TDD using Interfaces

One of the tenants of TDD is that the tests are written, well, first.  The biggest problem I have with writing the tests first is one of developer productivity.  Call me a slave to tooling, but I really use intellisense when I code, so much to the point that I don’t even realize that I am using it.  With TDD, I can’t use Intellisense because the object has not been written yet.  As a way out of this problem, I thought of using interfaces.  I write the interface, write the test, then write the class under test.  I thought I would put my theory to the test with a basic example.  I created an interface like so:

1 using System; 2  using System.Collections.Generic; 3  using System.Linq; 4  using System.Text; 5  using Com.Tff.Patent.Data; 6 7  namespace Com.Tff.Patent.Domain 8 { 9 public interface IDoctrineFactory 10 { 11 static Doctrine GetDoctrine(int doctrineId); 12 static List<Doctrine> GetDoctrines(); 13 static List<Doctrine> GetDoctrines(int issueId); 14 } 15 } 16  

I then created a test like so:

1 [TestMethod] 2 public void GetDoctineReturnsCorrectValue() 3 { 4 IDoctrineFactory.GetDoctrine(1); 5 string expected = "aaa"; 6 string actual = doctrine.DoctrineName; 7 Assert.AreEqual(expected, actual); 8 9 } 10

However, I got a compiler error:

1 Error 1 The modifier 'static' is not valid for this item 2 3 Error 2 The modifier 'static' is not valid for this item 4 5 Error 3 The modifier 'static' is not valid for this item 6 7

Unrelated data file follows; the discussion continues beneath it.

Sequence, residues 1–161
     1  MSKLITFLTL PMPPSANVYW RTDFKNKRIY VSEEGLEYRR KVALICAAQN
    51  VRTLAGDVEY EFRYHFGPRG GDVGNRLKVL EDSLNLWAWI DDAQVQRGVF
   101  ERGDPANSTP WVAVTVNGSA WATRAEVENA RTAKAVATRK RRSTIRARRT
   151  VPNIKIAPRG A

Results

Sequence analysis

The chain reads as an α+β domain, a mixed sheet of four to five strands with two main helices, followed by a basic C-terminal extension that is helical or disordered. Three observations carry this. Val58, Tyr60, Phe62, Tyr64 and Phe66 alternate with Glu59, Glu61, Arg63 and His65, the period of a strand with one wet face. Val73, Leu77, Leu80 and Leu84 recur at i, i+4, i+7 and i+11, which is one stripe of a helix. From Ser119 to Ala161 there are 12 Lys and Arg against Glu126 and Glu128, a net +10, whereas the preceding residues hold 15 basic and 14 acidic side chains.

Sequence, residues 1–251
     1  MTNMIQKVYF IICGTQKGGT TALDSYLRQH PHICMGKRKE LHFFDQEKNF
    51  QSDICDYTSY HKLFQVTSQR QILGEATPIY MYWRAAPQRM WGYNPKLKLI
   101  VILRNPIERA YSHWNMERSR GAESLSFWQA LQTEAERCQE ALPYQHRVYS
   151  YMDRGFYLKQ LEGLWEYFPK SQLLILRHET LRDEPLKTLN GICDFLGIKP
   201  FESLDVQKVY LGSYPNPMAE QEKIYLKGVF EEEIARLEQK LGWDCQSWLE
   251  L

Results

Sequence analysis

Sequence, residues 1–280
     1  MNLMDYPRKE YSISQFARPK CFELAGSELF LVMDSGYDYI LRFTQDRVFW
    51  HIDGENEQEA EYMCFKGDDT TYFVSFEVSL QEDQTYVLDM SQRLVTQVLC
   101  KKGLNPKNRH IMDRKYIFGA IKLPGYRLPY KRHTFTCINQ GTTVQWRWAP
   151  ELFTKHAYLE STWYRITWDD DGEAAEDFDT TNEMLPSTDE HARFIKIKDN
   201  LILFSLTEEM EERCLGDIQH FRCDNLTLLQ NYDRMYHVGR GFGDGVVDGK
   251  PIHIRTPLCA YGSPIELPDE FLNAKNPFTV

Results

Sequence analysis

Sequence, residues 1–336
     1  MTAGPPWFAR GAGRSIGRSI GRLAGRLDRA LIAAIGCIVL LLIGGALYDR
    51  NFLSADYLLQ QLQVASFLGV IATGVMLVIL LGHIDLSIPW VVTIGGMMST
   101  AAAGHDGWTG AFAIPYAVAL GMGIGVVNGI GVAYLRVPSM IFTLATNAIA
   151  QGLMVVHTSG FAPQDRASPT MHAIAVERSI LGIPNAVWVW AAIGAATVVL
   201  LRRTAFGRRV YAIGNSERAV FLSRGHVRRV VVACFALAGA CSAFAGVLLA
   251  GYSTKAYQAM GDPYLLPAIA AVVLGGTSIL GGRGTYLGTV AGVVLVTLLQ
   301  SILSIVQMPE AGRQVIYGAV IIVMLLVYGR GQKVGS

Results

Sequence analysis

That’s right – interfaces can’t be marked as static.  So then I thought of newing up a class in my test:

1 IDoctrineFactory doctrineFactory = new IDoctrineFactory(); 2 doctrineFactory.GetDoctrine(1); 3

The fact that I didn’t get intellisense was my first clue. The compiler error was my second:

1 Error 3 Cannot create an instance of the abstract class or interface

So then I created a concrete class using the refactoring tools in VS2010:

1 public class DoctrineFactory: IDoctrineFactory 2 { 3 public Data.Doctrine GetDoctrine(int doctrineId) 4 { 5 throw new NotImplementedException(); 6 } 7

This is better – I will get red b/c I have not implemented my methods yet – and I get intellisense in my unit tests. So for me, TDD is:

  • Write interface
  • Implement interfaces via VS2010
  • Write tests to get red
  • Write code logic to get to green

That way I get the intent behind TDD with modern tooling support.

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